David: You have to be curious about what customers want. They don’t care how fancy your technology is. They care about whether your solution fixes their problem. Good technologists are almost always curious folks. They want to get to the bottom of things. Great technologists extend this curiosity to the people and systems around them. What do these people care about? How do they make decisions? What needs to be true to move things forward?
The ability to collaborate, communicate and educate
Ilene: I work with a number of different product and technology stakeholders in AI. I like to deeply understand what the technology is (foundation models, embeddings, transformers) and how it all comes together to enable our customers. We must meet the customer where they are at by deeply understanding technology, what are the problems/solutions we want to solve for our customer and then build it within our tech platforms. That starts with conversations about intent and being open to receiving and providing feedback on the rest of the journey.
David: Capital One is a very collaborative place. No one works in a vacuum. Those who have had success instinctually run things by many other people. The people I see do best can combine deep technical insights as to what’s possible, a human-centered approach to understand what would be really magical for customers, an eagerness to drive impact by coordinating work across a range of teams and a patience to work with a large and complex system to get it safely and thoughtfully approved and launched.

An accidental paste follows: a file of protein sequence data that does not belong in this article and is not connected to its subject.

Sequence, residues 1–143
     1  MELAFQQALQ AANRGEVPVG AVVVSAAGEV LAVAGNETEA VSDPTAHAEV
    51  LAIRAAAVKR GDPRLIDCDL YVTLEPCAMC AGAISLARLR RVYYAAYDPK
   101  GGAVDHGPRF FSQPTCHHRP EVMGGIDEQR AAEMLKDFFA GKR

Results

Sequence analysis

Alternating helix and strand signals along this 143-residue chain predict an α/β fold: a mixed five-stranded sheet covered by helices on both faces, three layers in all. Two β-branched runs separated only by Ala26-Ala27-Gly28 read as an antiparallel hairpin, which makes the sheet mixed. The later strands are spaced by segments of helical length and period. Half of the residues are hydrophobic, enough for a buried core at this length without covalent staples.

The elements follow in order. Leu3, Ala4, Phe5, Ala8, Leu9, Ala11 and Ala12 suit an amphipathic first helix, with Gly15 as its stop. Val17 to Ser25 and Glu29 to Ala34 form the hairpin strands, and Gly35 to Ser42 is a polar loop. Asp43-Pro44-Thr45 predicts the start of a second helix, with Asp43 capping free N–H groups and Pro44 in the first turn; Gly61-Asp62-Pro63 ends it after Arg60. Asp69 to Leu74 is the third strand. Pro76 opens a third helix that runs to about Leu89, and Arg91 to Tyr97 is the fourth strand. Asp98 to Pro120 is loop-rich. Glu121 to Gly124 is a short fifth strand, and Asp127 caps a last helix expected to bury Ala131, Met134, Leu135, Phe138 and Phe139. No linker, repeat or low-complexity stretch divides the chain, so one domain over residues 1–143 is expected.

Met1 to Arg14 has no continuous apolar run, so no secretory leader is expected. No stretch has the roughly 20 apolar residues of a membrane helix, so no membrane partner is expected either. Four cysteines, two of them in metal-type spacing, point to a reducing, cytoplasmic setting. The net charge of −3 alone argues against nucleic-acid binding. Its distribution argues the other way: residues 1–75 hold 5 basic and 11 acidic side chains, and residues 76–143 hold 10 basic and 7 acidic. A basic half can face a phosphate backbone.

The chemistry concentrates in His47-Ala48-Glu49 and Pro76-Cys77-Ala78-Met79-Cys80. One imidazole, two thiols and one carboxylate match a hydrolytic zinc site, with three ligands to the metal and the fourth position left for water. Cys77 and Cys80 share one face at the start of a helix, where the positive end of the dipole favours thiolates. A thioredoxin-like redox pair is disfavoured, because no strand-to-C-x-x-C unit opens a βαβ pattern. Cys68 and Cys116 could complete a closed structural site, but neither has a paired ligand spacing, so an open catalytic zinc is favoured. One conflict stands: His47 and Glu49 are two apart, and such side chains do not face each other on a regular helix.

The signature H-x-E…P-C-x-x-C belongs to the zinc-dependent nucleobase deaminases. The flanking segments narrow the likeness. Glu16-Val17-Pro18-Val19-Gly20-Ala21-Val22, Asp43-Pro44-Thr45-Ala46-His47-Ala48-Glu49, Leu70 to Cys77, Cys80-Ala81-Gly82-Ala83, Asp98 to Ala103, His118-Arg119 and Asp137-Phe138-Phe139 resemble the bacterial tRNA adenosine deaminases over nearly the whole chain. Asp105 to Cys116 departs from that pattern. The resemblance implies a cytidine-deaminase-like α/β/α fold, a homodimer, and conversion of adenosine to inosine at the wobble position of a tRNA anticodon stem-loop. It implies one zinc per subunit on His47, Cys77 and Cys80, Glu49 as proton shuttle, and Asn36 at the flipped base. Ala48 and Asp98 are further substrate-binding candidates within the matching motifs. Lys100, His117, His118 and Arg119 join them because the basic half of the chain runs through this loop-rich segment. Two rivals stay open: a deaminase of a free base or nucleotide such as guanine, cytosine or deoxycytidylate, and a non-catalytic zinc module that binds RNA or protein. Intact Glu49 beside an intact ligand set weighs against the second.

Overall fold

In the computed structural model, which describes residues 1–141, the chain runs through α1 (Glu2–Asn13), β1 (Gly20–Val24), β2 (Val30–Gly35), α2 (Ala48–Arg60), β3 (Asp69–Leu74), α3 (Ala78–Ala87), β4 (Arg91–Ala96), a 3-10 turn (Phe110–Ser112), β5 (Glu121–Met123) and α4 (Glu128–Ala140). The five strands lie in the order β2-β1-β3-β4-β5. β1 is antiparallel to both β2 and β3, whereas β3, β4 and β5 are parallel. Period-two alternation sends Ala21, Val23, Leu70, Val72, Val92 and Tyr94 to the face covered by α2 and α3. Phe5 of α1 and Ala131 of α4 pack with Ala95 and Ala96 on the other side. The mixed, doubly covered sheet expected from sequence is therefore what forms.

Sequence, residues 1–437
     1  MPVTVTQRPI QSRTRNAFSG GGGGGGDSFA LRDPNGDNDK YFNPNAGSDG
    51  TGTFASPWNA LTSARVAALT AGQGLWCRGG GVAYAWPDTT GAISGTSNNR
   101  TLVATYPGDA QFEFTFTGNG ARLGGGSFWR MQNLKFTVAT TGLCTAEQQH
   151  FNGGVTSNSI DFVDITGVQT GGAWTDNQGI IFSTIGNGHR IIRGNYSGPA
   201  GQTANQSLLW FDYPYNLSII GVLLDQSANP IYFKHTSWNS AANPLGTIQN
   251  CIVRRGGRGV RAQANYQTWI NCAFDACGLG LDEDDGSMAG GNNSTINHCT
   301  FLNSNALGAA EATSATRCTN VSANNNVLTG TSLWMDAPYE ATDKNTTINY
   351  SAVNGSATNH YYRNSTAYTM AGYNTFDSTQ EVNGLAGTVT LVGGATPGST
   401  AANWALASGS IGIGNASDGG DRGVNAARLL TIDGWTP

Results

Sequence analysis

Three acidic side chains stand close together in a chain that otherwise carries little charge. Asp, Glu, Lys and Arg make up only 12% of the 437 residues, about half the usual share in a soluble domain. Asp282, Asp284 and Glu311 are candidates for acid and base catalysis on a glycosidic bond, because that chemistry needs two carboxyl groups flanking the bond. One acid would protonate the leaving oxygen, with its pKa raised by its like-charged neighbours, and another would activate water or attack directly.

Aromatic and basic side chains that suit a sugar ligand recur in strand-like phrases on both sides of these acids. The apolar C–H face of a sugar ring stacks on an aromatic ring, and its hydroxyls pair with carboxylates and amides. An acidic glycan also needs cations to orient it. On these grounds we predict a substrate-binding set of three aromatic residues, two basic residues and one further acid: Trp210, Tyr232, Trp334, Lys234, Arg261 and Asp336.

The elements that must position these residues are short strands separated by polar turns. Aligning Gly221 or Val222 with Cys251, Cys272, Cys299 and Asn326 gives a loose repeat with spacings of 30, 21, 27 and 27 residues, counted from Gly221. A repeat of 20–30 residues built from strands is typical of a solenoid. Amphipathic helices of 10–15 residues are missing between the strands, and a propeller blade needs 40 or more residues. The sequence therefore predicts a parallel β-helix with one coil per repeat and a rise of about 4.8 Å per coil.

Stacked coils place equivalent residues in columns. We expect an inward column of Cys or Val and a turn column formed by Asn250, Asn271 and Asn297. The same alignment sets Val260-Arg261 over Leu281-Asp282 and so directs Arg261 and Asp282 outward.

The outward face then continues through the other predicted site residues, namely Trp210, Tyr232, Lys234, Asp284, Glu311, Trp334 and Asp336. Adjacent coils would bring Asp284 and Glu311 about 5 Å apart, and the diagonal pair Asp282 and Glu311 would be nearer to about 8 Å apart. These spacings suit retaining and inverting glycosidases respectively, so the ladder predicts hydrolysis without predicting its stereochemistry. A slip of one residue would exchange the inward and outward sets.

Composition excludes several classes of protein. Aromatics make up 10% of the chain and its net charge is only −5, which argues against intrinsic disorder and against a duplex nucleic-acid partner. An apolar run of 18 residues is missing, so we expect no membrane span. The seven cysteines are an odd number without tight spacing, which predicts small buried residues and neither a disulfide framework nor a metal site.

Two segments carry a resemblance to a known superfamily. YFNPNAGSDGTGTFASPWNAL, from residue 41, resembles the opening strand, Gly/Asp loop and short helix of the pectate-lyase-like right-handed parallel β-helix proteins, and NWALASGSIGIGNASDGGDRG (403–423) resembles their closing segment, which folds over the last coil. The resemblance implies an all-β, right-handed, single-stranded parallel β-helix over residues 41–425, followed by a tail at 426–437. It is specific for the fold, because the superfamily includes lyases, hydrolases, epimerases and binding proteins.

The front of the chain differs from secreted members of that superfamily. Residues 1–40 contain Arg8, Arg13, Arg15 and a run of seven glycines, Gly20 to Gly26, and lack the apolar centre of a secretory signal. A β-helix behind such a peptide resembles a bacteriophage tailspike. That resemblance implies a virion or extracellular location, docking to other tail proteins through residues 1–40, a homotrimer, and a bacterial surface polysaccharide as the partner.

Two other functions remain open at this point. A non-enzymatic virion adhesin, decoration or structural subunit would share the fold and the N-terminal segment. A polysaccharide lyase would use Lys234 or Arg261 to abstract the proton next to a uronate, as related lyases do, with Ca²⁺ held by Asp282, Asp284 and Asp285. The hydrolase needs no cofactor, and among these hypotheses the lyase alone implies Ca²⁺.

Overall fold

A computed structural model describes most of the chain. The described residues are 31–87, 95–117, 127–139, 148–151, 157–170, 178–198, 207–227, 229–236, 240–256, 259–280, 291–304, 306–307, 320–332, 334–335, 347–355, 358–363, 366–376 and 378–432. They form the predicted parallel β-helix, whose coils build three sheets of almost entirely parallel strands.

Emmanuel: Our work isn’t just about educating our colleagues, but extending that knowledge to our communities. I’m the accountable executive for our Tech Pro Bono group, so I get to help many small businesses and nonprofits with their technology. We’ve done great work to enable businesses to build up their market and digital presence by equipping them with skills to succeed. I also help with Capital One Coders, a program where we teach middle school kids how to code and solve problems with software.
The ability to integrate diversity, inclusion and belonging into your work
Ilene: We want people who understand the experiences and perspectives of our customers so we can build and create the most amazing experiences for them. Looking at the frontier of emerging technology, including generative AI, we’re guided by a mission to operate in an inclusive, well-managed way that puts people first. With a diverse workforce, we’re more likely to be able to do that, and to mitigate bias along the way.
Anne: Capital One has many programs that focus on the whole person rather than just your technical contribution that day. I’ve enjoyed the vibrant community in Women in Tech, our Business Resource Group that supports and empowers women technologists in the most positive ways. This has been a community where I’ve felt supported and psychologically safe in being myself. I’ve had opportunities and built relationships through Women in Tech that I’ll be forever grateful for.
Emmanuel: It’s about having diverse opinions, thoughts, people and conversations. The problem with not having diverse ideas in the room is that you end up with solutions that look the same or miss solving for a broader audience group. Something I talk about frequently in my role as accountable executive for Blacks in Tech: You can’t be a creative technologist if you don’t have diverse perspectives in the room. The problems of tomorrow will not be solved with the solutions of today.